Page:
Empowering Educators: Insights from Classroom Audio
In the realm of education, understanding the dynamics of teacher-student interactions is crucial for enhancing learning outcomes. With this goal in mind, Natalie Huerta, Doctoral Student in Special Education at Vanderbilt University, and Jess Boyle, Doctoral Student & Research Assistant at Vanderbilt Peabody College, are leading a collaborative effort to analyze classroom audio and its impact on teaching practices. DSI Postdoctoral Fellow, Abbie Petulante and DSI graduate student, Thao Nguyen, are actively contributing to the project. Both Abbie and Thao are involved in coding for the project, with Thao taking the lead in this aspect thus far. As the project progresses to the modeling stage, Abbie has started engaging more actively in coding and provides valuable guidance on technical and data science aspects, assisting in model selection and discussing data organization and generation for the project’s objectives.
“Historically, labeling teacher language would be a time intensive process where the language would be recorded, transcribed, and labeled by humans. This would either mean the process taking a very long time to get a labeled data set to use for analysis or making the decision to use a smaller but more feasible dataset… we wanted to use technology, specifically transformer models as a way of removing the transcription step of the process, increasing the efficiency of the labeling process… We see using audio transformers as useful for this current project but also something that would be applicable to many other projects that occur in classroom or other educational settings.” -Natalie Huerta
Using transformer models, these projects seek to classify the types of language and phrases used by teachers during classroom sessions and to provide valuable insights and feedback to educators, empowering them to optimize their teaching practices and create research-based conclusions regarding the impact of “teacher speak” on student performance. The projects’ goals are to listen to recordings of classroom audio and classify different types of “teacher talk” and to provide timely and direct feedback to teachers about their lessons. The projects attempt to transform the way educators reflect on their teaching strategies, fostering continuous improvement in the classroom environment.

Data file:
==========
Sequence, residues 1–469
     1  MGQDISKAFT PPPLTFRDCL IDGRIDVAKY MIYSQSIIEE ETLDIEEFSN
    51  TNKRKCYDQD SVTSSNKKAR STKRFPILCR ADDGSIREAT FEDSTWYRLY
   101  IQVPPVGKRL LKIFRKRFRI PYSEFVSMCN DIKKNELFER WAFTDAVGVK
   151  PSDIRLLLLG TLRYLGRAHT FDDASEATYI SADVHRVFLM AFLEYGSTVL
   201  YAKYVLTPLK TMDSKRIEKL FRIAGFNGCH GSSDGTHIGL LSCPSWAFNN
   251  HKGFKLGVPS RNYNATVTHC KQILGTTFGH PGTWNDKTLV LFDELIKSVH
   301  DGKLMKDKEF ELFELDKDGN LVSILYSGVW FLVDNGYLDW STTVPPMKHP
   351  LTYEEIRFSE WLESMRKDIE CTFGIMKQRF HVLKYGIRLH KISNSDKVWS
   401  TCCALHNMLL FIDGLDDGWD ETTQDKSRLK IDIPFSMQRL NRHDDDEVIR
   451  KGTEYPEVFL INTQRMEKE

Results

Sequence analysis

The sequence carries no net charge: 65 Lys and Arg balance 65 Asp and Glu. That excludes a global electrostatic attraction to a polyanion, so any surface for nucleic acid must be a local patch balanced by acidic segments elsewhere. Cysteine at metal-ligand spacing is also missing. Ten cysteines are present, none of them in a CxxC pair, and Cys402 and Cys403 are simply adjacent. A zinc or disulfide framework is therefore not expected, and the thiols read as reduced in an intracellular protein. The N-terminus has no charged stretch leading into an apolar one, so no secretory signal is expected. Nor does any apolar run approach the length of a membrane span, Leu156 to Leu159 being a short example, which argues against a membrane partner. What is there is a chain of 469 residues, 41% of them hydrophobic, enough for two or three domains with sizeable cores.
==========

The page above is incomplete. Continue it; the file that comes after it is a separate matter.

The recordings capture teachers’ speech, student interactions, and background noise. Classroom audio recordings often exhibit lower quality and contain more background noise compared to typical audio recordings, so the initial segmentation process posed a considerable challenge. Significant efforts were needed to determine the most effective segmentation plan. Using Whisper, an audio transformer model trained on human speech, the audio is segmented and processed. A fine-tuned transformer model classifies audio samples into predefined categories. As these models are trained on additional classroom audio, they improve in performance to the benefit of all researchers.
“The rapid development and spread of classroom sensing technologies (e.g., smartphones, smartwatches, robotic cameras), along with recent advancements in deep learning have resulted in a growing field of research looking at how these technologies can be applied to improve the scalability, affordability, and effectiveness of feedback and support practices for teachers.” – Jess Boyle
These projects have the potential to provide real-time valuable feedback to teachers regarding their lesson delivery, and to offer a deeper understanding of the language patterns employed by teachers in various classroom settings. By bridging the gap between theory and practice, educators can make informed decisions to optimize student engagement and academic performance.